Now, that’s very difficult to control though. Because we’re not in each other’s rooms for the negotiation. And at the end of the day, you don’t know what the other girl is charging. Of course management won’t tell you. So you’re going based on her word. But I’ve seen arguments and whatnot and literal catfights over girls that are charging what other girls perceive to be too low.  

I remember there was a girl that I worked with that was really pretty and could have been charging a lot more. But she had no self-esteem. She had no confidence. And she was charging like the bottom of the barrel. She was actually one of the girls we had a bit of an issue with. And we sat down with her and said, “Look, you know, you’re lowering the house value. You could be making more.” I think she got a little offended by that. So I sat down with her one-on-one. And I told her. “Look, if you ask for it and you’re confident, you will make it. You will make that money, you know?”

She said she felt bad asking for $1,000 or whatever it was. She didn’t feel confident enough to ask for more than $300 or $400, even if it was a longer party. And I told her, “You’re crazy. Double that. Triple that. You’ll find guys that’ll pay. And if they don’t, you negotiate. But if you start low, you have nowhere to go but lower. You know? So you have to start high, and then there’s room for negotiation and to go lower or upsell and go even higher.” But to start at the minimum is just not wise as a salesperson, in my opinion.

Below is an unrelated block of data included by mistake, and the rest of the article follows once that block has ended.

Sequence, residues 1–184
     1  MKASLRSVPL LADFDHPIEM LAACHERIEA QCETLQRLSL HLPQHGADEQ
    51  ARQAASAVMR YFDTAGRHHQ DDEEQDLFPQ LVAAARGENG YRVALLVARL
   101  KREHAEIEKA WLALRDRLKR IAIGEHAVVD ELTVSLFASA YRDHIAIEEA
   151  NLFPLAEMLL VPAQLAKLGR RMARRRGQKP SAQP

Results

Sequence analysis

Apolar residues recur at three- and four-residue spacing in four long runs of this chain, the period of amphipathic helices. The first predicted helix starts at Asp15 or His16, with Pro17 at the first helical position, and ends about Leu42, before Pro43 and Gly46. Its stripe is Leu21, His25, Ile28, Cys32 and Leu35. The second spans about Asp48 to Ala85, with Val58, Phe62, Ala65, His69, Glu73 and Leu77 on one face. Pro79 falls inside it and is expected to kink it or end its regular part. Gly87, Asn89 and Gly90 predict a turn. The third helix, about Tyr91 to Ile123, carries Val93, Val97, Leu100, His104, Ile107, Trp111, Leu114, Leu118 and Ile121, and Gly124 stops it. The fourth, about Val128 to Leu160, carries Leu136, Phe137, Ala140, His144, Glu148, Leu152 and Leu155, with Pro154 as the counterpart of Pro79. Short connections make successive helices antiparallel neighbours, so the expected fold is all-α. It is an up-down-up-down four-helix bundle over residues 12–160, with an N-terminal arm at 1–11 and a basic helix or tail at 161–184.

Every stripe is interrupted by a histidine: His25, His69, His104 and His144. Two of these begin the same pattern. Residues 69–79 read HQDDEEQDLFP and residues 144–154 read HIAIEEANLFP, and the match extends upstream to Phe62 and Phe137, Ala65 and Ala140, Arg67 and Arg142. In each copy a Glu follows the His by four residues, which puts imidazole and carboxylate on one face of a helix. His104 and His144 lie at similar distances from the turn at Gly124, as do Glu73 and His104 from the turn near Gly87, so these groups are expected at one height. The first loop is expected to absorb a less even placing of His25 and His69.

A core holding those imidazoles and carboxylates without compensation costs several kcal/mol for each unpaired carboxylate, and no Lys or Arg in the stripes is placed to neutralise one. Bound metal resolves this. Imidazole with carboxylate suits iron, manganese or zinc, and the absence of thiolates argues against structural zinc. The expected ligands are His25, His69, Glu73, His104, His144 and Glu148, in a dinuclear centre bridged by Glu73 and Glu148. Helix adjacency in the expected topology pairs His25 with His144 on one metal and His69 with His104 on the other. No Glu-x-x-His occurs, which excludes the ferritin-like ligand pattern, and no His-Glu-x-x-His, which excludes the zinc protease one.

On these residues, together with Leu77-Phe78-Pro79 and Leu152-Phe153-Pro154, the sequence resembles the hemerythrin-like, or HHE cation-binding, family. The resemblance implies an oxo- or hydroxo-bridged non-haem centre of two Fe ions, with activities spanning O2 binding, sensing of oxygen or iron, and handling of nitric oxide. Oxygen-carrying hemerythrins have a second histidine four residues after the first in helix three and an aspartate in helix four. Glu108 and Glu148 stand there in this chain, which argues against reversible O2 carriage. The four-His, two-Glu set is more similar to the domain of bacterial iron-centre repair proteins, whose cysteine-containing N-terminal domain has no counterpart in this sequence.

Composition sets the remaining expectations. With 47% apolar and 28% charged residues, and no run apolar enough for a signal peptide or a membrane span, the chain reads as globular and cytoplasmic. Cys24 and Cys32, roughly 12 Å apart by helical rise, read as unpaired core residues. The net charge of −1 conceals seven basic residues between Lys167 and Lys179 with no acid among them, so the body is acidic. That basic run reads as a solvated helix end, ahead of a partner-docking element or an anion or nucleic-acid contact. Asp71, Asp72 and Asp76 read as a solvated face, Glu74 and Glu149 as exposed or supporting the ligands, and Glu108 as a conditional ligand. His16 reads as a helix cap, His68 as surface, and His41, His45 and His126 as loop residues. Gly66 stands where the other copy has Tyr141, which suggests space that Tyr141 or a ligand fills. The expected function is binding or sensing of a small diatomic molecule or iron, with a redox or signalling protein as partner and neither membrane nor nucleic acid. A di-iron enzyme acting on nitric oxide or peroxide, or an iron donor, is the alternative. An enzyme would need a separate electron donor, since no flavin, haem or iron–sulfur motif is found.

On telling her family:

Oh they are not happy. They’re not happy. I kept it from my dad for a long time. He knew what I was studying, and he thought I was just like living there and, like, going to visit. My mom knows me better than that. So she was a little suspicious and started asking a lot of questions. And I’m seeing more and more interviews and I had done some stuff on TV and I was like, ‘This was going to come out.’

So I told her first and, you know, she was just, “I’m Portuguese, my family is Catholic.” She was horrified. I’m so close to them. We still talk, you know, they haven’t cut me off or anything, but you know loving parents. They’re still happily married, but my mom freaked out and she said, “You must never tell your dad.”

You know, like hopefully he dies before this all gets published. I mean she was really adamant about not telling. So I kept it from him for almost a year and then finally I just, you know, got pissed off and I got into a fight. “I’m sick of lying to you and keeping up with the lies.”

You know, he’d call me…and I’d be living there and working and I’d say, “I’m just here for research.” I like it too much, so I just told him, and he was not happy, but he took it better than she did and just said, “Well I don’t understand that. I don’t agree with it.”